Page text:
Digha Nikaya 31: Sigalovada Sutta

Maha Mangala Sutta

This famous text, cherished highly in all Buddhist lands, is a terse but comprehensive summary of Buddhist ethics, individual and social. The thirty-eight blessings enumerated in it, are an unfailing guide on life's journey. Rightly starting with "avoidance of bad company" which is basic to all moral and spiritual progress, the Blessings culminate in the achievement of a passion-free mind, unshakable in its serenity. To follow the ideals set forth in these verses, is the sure way to harmony and progress for the individual as well as for society, nation and mankind.

"The Maha-Mangala Sutta shows that the Buddha's instructions do not always take negative forms, that they are not always a series of classifications and analysis, or concerned exclusively with monastic morality. Here in this sutta we find family morality expressed in most elegant verses. We can imagine the happy blissful state household life attained as a result of following these injunctions." (From The Ethics of Buddhism by S. Tachibana, Colombo 1943, Bauddha Sahitya Sabha).

Maha Mangala Sutta, Sutta Nipata II.4

Parabhava Sutta

While the Mangala Sutta deals with the way of life conducive to progress and happiness, the Parabhava Sutta supplements it by pointing out the causes of downfall. He who allows himself to become tarnished by these blemishes of conduct blocks his own road to worldly, moral and spiritual progress and lowers all that is truly noble and human in man. But he who is heedful of these dangers keeps open the road to all those thirty-eight blessings of which human nature is capable.

Parabhava Sutta, Sutta Nipata I.6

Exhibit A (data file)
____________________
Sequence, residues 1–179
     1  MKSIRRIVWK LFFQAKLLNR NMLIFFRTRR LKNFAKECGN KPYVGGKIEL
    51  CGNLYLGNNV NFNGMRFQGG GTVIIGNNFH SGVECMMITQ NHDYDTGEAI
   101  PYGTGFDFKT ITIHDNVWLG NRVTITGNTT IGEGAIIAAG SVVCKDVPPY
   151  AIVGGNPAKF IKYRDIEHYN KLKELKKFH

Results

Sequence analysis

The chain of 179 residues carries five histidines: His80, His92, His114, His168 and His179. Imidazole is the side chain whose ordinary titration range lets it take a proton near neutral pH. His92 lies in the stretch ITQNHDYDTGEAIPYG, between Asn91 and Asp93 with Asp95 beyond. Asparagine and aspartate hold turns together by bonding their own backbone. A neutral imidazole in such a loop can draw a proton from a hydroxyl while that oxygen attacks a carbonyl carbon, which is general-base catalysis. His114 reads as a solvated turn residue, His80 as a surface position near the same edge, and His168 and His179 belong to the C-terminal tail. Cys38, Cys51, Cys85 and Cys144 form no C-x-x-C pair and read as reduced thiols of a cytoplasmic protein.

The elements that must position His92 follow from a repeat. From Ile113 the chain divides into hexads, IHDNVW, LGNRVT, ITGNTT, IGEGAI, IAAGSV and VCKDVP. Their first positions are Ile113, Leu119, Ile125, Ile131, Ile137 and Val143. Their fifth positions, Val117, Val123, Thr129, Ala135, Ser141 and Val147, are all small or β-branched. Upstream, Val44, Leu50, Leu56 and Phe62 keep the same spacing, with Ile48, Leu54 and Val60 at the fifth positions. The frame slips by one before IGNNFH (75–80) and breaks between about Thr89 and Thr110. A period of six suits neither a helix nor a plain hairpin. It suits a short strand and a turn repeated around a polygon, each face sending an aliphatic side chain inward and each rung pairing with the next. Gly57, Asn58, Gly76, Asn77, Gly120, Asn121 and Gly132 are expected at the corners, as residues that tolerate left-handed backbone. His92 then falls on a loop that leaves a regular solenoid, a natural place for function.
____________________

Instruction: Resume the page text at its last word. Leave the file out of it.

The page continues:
Conditions of Welfare
Vyagghapajja Sutta

In this sutta, the Buddha instructs rich householders how to preserve and increase their prosperity and how to avoid loss of wealth. Wealth alone, however, does not make a complete man nor a harmonious society. Possession of wealth all too often multiplies man's desires, and he is ever in the pursuit of amassing more wealth and power. This unrestrained craving, however, leaves him dissatisfied and stifles his inner growth. It creates conflict and disharmony in society through the resentment of the underprivileged who feel themselves exploited by the effects of unrestrained craving.

Therefore the Buddha follows up on his advice on material welfare with four essential conditions for spiritual welfare: confidence (in the Master's enlightenment), virtue, liberality and wisdom. These four will instill in man a sense of higher values. He will then not only pursue his own material concern, but also be aware of his duty towards society. To mention only one of the implications: a wisely and generously employed liberality will reduce tensions and conflicts in society. Thus the observing of these conditions of material and spiritual welfare will make for an ideal citizen in an ideal society.

Anguttara Nikaya VIII.54: Vyagghapajja Sutta